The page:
In chapter five, Piper lays out nine issues that are at the root of racial strife, and then makes the claim that the gospel is the only thing that will deal completely with these hinderances to racial reconciliation and harmony. The nine are 1) Satan, 2) guilt, 3) pride, 4) hopelessness, 5) feelings of inferiority and self-doubt, 6) greed, 7) hate, 8) fear, and 9) apathy. Personally, I think three and five are the same thing: just two sides of the same coin so to speak, but regardless, Piper is correct in that the only thing that will speak to the root of each of these problems and offer a solution is the gospel of Christ.
Where this chapter falls a little short is on specifics and fleshing out completely what it looks like, particularly in the section on guilt. For me, the two that jump off the page—maybe because I sense their realities in current situations—are hopelessness and apathy. It is true that “Hopelessness destroys moral conviction by making it look ludicrous. And therefore it destroys almost everything that is beautiful and precious.” And while Piper was just giving a summary of how the gospel deals with these situations—and I am sure that Piper is aware of the hard work necessary in getting the gospel into hopeless situations—I wish he would have spoken more clearly about practicalities. And maybe that is coming in a later chapter. Or maybe that is so distinctive to a particular culture that to speak to it would be just another “Look what worked here; it’s bound to work where you are too!” My gut is the second is true.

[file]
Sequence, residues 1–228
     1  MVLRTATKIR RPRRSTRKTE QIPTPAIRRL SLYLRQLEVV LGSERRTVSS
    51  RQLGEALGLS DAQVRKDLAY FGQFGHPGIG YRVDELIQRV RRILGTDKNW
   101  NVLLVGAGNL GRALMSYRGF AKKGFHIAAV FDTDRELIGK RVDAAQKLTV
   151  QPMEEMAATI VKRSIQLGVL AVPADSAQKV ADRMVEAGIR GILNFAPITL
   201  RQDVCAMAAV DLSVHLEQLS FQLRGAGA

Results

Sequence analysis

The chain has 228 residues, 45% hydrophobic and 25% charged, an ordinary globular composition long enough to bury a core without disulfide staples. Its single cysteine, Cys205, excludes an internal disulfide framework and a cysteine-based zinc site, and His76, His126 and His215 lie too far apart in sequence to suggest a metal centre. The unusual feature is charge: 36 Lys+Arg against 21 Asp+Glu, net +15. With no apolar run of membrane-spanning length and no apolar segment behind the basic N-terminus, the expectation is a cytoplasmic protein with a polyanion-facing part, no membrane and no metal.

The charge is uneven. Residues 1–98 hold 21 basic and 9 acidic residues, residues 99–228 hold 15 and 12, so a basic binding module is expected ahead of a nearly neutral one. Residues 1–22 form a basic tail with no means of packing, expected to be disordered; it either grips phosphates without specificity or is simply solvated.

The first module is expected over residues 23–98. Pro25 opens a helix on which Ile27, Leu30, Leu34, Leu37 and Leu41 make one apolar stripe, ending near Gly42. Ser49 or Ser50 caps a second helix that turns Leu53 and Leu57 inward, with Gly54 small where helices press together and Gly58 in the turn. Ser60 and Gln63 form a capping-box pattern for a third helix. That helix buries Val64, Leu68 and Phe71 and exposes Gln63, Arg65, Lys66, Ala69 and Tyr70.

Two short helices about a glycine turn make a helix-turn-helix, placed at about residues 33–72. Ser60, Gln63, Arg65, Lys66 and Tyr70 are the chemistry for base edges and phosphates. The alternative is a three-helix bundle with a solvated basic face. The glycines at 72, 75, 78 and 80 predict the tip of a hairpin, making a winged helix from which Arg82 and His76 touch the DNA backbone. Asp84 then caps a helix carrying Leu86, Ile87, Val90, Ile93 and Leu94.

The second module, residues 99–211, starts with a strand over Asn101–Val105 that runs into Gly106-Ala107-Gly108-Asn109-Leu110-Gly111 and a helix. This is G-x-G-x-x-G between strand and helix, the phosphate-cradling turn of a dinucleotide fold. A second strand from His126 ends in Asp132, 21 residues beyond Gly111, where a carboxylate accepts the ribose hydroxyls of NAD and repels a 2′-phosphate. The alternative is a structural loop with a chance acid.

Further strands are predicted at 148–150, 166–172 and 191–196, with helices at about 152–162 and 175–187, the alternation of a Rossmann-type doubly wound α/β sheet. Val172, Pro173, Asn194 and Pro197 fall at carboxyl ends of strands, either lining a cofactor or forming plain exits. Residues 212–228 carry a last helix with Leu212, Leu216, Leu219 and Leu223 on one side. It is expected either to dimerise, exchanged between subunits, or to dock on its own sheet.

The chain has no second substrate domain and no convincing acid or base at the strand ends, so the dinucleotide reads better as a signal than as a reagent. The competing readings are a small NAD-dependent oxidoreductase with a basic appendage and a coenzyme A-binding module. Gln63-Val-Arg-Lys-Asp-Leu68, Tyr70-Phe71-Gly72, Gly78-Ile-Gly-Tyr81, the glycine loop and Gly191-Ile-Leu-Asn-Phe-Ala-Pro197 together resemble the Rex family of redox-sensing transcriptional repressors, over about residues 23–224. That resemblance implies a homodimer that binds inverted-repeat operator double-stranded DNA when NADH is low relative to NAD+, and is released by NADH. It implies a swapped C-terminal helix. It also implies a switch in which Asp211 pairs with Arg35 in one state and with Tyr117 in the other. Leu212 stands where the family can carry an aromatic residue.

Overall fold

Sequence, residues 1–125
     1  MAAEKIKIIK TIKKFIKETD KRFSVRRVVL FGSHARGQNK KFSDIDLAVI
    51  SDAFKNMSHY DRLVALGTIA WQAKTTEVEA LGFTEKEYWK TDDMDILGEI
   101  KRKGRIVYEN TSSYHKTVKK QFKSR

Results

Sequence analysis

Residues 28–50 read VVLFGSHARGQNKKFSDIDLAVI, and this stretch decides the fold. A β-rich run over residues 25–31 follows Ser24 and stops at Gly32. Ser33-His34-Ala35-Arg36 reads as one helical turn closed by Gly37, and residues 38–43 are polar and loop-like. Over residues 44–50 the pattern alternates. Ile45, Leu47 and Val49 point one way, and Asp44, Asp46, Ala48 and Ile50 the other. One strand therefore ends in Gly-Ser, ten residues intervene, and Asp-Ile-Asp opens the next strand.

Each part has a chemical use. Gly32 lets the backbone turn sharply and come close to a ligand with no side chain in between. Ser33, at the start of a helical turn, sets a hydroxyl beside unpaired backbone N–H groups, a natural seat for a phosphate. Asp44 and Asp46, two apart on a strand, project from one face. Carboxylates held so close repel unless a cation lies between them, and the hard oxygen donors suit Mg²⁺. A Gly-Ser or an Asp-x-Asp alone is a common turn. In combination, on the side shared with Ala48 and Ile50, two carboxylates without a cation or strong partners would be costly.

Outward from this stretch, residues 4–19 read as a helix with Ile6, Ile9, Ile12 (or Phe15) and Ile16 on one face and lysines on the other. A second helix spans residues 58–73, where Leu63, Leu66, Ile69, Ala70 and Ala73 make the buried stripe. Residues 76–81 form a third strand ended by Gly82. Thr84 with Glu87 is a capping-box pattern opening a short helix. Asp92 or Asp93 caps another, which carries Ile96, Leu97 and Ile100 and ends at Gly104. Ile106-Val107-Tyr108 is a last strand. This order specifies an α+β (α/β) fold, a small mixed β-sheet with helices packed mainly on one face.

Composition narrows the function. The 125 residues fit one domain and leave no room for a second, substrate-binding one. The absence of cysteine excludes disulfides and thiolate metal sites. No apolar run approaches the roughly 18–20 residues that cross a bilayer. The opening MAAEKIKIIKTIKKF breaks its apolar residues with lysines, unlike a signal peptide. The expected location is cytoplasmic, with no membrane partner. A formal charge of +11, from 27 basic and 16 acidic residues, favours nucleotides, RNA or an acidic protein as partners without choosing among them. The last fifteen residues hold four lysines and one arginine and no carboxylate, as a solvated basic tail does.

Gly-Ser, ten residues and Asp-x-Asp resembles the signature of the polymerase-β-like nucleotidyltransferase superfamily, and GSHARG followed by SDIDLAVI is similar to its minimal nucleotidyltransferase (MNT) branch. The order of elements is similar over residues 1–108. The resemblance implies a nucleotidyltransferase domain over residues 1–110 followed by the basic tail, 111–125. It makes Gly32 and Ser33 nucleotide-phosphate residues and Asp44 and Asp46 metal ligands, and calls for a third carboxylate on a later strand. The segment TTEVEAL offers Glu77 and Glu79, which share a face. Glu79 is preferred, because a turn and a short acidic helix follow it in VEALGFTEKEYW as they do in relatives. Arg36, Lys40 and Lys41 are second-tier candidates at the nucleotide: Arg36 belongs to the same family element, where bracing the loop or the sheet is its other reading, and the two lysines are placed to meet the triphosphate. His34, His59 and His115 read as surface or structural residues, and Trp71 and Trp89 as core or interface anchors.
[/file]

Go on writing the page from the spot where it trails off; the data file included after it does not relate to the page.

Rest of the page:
Which means we as the church must do the hard work of thinking and praying and being active in our communities and allowing these truths to enter in to our unique situations, but never forgetting these nine issues that we are dealing with, however they happen to manifest themselves in our place and time.